They are normally attached using U bolts and holes are drilled or punched into the cans in the proper place.
I made a 20mm ammo can
from sheet plastic. Thin plastic rod was used to replicate the reinforcing strip found on the front of the container, and
tiny brass wire was used to replicate the lid locking mechanisms. Verlinden dry transfers were used to simulate the yellow
stenciling on each box.
Bedrolls, and Tent rolls- Very little of the sleeping gear is kept
inside the cramped turret because they are a fire hazard. The crews often sleep outside of the tank, with issued bedrolls,
tents or sleeping bags. I recreated these various items with tissue paper, cut to shape. Tarps were draped over other stowage
gear, allowing realistic folds to form, and then stiffened with a dilute white glue solution.
Sleeping bags were rolled up, and tied with string, and pressed flat against the turret sides. They were also stiffened
with dilute white glue, and tape straps were added. Buckles are either photo etched from Verlinden or whittled from plastic
|The tent roll features tiny Fastex buckles
|A compass cutter is essential in cutting plastic disks
Spare Road Wheel- Using the original Marui road wheel as an example; I made a spare road wheel by laminating
several sheets of plastic, and cutting it out in a circular disc shape. I then laminated 2 thin strips of plastic around the circumference
of the disc, to replicate the outer rim. Holes were drilled in the center for the suspension arm and attaching bolts. Filler putty was used on the inside of the wheel to build up an angled inner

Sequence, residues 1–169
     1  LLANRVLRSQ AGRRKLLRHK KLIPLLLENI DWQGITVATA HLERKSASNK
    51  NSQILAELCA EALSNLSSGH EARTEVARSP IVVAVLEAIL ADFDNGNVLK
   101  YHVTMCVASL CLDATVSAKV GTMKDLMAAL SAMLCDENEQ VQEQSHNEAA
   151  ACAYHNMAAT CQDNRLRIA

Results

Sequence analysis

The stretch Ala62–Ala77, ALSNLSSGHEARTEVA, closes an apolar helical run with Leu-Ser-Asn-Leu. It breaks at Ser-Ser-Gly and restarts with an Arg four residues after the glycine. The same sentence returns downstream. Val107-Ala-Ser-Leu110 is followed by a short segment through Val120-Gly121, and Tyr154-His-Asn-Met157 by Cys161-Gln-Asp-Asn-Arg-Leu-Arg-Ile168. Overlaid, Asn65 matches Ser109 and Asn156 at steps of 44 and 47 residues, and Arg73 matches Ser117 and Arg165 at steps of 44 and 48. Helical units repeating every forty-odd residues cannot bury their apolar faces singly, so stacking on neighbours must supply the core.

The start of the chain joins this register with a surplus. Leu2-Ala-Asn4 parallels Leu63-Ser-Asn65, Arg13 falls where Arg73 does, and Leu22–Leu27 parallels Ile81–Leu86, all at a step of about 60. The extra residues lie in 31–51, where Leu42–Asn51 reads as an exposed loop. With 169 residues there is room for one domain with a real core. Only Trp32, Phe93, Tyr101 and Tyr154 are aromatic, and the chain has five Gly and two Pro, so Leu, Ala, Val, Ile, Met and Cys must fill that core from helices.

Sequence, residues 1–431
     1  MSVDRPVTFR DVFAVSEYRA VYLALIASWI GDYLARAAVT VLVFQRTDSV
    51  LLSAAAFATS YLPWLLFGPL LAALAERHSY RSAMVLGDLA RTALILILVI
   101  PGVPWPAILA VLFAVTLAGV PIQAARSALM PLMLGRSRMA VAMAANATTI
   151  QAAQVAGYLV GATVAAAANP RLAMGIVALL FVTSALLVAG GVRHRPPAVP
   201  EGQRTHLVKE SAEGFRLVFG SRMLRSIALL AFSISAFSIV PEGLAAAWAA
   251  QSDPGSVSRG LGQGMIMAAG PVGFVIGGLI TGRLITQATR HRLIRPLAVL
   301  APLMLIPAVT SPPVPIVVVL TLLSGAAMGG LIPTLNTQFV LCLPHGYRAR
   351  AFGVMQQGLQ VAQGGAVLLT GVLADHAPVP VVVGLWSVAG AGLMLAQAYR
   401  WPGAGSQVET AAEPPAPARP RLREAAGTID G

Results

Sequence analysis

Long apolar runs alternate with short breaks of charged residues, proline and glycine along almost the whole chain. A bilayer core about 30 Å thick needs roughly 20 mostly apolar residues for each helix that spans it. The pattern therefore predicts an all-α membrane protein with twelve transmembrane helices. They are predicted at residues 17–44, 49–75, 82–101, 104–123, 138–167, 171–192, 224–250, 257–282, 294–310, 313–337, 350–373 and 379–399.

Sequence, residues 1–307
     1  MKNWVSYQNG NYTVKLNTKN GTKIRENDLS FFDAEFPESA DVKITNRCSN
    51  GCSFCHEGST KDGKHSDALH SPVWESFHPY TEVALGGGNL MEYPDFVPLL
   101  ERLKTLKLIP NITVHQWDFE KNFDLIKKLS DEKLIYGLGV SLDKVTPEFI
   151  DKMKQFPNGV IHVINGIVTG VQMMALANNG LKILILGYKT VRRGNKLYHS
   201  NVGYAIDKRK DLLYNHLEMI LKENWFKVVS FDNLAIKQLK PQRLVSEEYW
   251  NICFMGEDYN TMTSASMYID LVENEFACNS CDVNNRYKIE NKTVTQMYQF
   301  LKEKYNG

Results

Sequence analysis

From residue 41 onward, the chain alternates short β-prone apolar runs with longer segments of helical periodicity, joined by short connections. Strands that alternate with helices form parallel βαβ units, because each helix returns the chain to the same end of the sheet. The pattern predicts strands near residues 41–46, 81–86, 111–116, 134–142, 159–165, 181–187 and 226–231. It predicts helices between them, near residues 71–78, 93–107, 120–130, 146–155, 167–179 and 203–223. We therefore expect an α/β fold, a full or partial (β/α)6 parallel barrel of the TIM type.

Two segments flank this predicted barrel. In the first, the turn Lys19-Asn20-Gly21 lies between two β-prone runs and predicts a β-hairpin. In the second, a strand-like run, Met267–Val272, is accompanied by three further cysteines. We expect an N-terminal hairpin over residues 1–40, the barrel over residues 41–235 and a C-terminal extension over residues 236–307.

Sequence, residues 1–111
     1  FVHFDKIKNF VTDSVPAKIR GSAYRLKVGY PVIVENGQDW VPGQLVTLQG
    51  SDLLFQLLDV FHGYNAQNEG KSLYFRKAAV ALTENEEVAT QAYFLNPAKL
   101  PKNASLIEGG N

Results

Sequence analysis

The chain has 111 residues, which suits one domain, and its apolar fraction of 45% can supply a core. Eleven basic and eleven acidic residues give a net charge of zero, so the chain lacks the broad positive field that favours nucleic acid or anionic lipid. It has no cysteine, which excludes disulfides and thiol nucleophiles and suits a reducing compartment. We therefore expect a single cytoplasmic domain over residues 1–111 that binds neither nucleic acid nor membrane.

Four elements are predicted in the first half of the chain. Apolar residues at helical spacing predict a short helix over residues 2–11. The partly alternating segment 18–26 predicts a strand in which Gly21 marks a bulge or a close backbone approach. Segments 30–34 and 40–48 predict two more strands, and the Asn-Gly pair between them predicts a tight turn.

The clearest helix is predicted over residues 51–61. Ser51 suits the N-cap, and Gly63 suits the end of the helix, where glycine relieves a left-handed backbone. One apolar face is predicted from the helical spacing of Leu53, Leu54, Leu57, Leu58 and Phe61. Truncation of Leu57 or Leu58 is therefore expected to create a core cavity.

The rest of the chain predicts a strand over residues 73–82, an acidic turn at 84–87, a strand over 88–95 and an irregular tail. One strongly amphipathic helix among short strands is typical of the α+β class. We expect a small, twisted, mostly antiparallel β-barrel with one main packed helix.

surface. After painting, a thin strip of rubber cut from a bicycle inner tube was attached to replicate the raised rubber
|The piano wire clips are thin enough to be almost invisible
The 20mm ammo cans, and
spare road wheel are attached to the turret grab rails with clips made from steel wire. Other gear such as tent rolls, and
ALICE packs are attached with soft twist wire found
with food items. This allowed the accessories to be removed if there is a need to open up the turret for maintenance without
damaging them in the process. The metal clips provide enough tension to hold
the gear in place when the tank is traveling over rough ground!
|MRE's are actually quite tasty!
The MRE, or Meals Ready to Eat, are prepackaged food for US troops. Developed by the Army, each case includes 12 vacuum packed
meals that can be eaten hot or cold. There are 12 different menus in a box, and each soldier is issued 4 meals per day. A
tank such as the Abrams will carry several boxes on field maneuvers. The MRE
cases on my Abrams are the more common 12 meal variety. Some troops have 24 meals packed into a bigger box. My MRE boxes are
scanned copies of Tamiya's card stock cases. After scanning the original Tamiya cases at 300 dpi, I color corrected the image,
and resized them to 1/24 scale in Photoshop 6.0. I then printed 4 copies, cut them out and folded each box into shape, with
white glue. A thin piece of white paper replicates the plastic shipping strap on real MRE cases. Be sure to seal the cases with a flat overspray to prevent the ink on the boxes from running if exposed
|Needle nose tweezers are essential for threading the buckles
Most of the loose gear in the bustle rack are secured with straps made from paper currency. The high fiber content of paper money makes it quite strong when cut into thin strips. They also drape
realistically on the gear, and are attached with small drops of CA glue. With a bit of paint and Verlinden photoetched buckles,
they resemble the ratchet straps used to secure real equipment. The ends of the straps attach to the bustle rack via loops
made from thin brass wire twisted into shape.
|CIPs are angled upwards to reflect the cooler air temperature
CIP- The Combat Identification
Panel is a device fitted to the surfaces of American combat vehicles. They are designed to appear as a contrasting color when
viewed from a thermal imaging sensor at long distances, signifying an allied vehicle to prevent fratricide. The Abrams tanks
usually carry the corrugated shaped CIPs on the turret sides and rear. I replicated my CIPs by using thin strips of plastic
glued together at an angle, and then mounted in a plastic sheet frame.